2011 also looks to be the year that many former-fringe practices, such as avoiding processed food or fuel-efficient driving practices, continue to trickle into the mainstream. Here are some predictions for green trends we’ll see in the coming year:

As more Americans become concerned with sustainability issues and eco-friendly habits, the days of specific eco-fads like reusable shopping bags and refillable water bottles have become everyday lifestyle choices.


2011 also looks to be the year that many former-fringe practices, such as avoiding processed food or fuel-efficient driving practices, continue to trickle into the mainstream.


Here are some predictions for green trends we’ll see in the coming year:


1. Savvy green consumers:Dating services, dry cleaning, cookware and cat food –– all kinds of companies are marketing countless green products. However, consumers have become savvier about deciphering eco-friendly claims. In 2011, the Federal Trade Commission will revise its guidelines for environmental marketing claims to combat “greenwashing,” or misleading information about environmental benefits of a product or practices of a company. It’s impossible to know everything about the products we buy, but simple acts like reading an ingredient list and recognizing overly vague advertising claims can serve consumers well.


2. “Eco-superior” consumer products:More households are open to buying green products, but an eco-friendly dishwashing detergent still has to do a good job at cleaning the dishes. The trend-tracking website trendwatching.com says 2011 is the year for “eco-superior” products that are better for the environment than the old versions and better in practice, too.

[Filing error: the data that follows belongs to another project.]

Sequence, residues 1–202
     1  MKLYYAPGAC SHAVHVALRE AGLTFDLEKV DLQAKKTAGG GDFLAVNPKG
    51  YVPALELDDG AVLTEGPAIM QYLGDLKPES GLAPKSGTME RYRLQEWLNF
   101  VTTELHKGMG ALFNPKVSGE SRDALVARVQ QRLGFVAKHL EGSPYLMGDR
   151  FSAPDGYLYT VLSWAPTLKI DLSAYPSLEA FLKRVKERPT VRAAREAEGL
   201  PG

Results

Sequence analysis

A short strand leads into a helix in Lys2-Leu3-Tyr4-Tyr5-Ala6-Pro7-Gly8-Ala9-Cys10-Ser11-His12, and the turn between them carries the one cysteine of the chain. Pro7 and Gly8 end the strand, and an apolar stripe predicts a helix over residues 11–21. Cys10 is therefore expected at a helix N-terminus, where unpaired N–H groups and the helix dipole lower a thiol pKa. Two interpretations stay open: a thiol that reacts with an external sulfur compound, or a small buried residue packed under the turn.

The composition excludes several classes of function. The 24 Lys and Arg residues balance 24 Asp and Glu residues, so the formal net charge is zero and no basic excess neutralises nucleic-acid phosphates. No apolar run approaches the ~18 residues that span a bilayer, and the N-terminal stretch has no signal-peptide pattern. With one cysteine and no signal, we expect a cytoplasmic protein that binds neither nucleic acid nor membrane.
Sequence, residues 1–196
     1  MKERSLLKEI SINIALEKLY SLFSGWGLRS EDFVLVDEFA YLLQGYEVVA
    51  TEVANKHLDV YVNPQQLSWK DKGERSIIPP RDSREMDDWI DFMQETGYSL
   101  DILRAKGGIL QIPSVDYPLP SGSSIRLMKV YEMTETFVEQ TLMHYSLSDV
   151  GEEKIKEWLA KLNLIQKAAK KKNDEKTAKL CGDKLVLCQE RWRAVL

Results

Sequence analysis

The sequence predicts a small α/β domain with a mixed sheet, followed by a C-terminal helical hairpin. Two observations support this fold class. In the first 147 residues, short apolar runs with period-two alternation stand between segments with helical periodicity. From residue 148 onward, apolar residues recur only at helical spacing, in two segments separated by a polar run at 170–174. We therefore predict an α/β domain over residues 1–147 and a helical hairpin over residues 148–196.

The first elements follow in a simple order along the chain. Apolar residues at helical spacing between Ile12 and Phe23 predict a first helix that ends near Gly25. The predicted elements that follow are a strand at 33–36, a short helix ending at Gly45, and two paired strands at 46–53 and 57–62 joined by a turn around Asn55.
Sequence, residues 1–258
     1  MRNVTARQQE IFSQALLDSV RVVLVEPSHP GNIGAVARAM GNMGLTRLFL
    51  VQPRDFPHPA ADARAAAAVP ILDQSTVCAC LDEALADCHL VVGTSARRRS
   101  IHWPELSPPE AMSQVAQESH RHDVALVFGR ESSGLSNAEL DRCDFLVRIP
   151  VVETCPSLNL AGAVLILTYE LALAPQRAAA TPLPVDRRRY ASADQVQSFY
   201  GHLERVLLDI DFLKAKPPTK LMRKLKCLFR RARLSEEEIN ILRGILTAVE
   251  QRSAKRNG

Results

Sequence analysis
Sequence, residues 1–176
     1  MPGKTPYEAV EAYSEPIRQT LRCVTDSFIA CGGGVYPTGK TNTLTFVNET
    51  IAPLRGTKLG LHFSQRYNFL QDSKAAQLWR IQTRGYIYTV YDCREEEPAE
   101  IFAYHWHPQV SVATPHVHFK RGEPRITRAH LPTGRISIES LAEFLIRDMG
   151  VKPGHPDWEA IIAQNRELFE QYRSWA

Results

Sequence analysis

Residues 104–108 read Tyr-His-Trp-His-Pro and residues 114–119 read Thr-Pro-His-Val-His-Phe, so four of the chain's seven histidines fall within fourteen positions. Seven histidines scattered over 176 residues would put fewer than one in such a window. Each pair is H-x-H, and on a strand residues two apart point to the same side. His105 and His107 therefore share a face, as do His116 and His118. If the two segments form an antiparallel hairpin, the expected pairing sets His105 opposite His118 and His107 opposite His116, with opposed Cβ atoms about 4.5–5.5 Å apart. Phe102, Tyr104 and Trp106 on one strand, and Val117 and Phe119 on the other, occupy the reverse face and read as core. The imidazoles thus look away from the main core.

3. Urban farming goes mainstream:Municipalities across the country are revising their rules for keeping chickens, bees and other animals as Americans grow more concerned with eating local, unprocessed foods. Keeping a chicken coop in the backyard will become increasingly normal in 2011. So will another farm standby: canning and preserving food.


4. Green data centers:You’ll likely never see the data center that stores your e-mails, health records, Flickr account, Google searches or Facebook information, but these clusters of computers and servers burn up huge amounts of energy. Some studies estimate the IT industry alone is responsible for 2 percent of the world’s carbon emissions. Companies are working to create more energy-efficient ways to secure and store our growing body of data, and the EPA has introduced an ENERGY STAR rating for data centers. The move towards “cloud computing,” or storing our data on the Internet, could also mean significant reductions in carbon emissions.


 5. Buying quality that’s built to last:Inexpensive, disposable products have been around long enough that consumers are learning the pitfalls of a cheap item with a short lifecycle. Add to that concerns about chemical off-gassing and huge landfills, and 2011 is likely to be a year when many people embrace vintage china sets, handcrafted furniture and locally knit sweaters. While these products sometimes cost more up front, savvy consumers know the long-term cost of buying cheap.


Did you know


According to research from the national environmental marketing company TerraChoice, the number of green products available to U.S. consumers increased by 73 percent between 2009 and 2010. However, 95 percent of these products commit some form of “greenwashing.”


Weight Watchers is overhauling its popular points system, assigning zero points to most fruits and vegetables and higher points to processed foods to encourage people to focus on healthier fare.


GateHouse News Service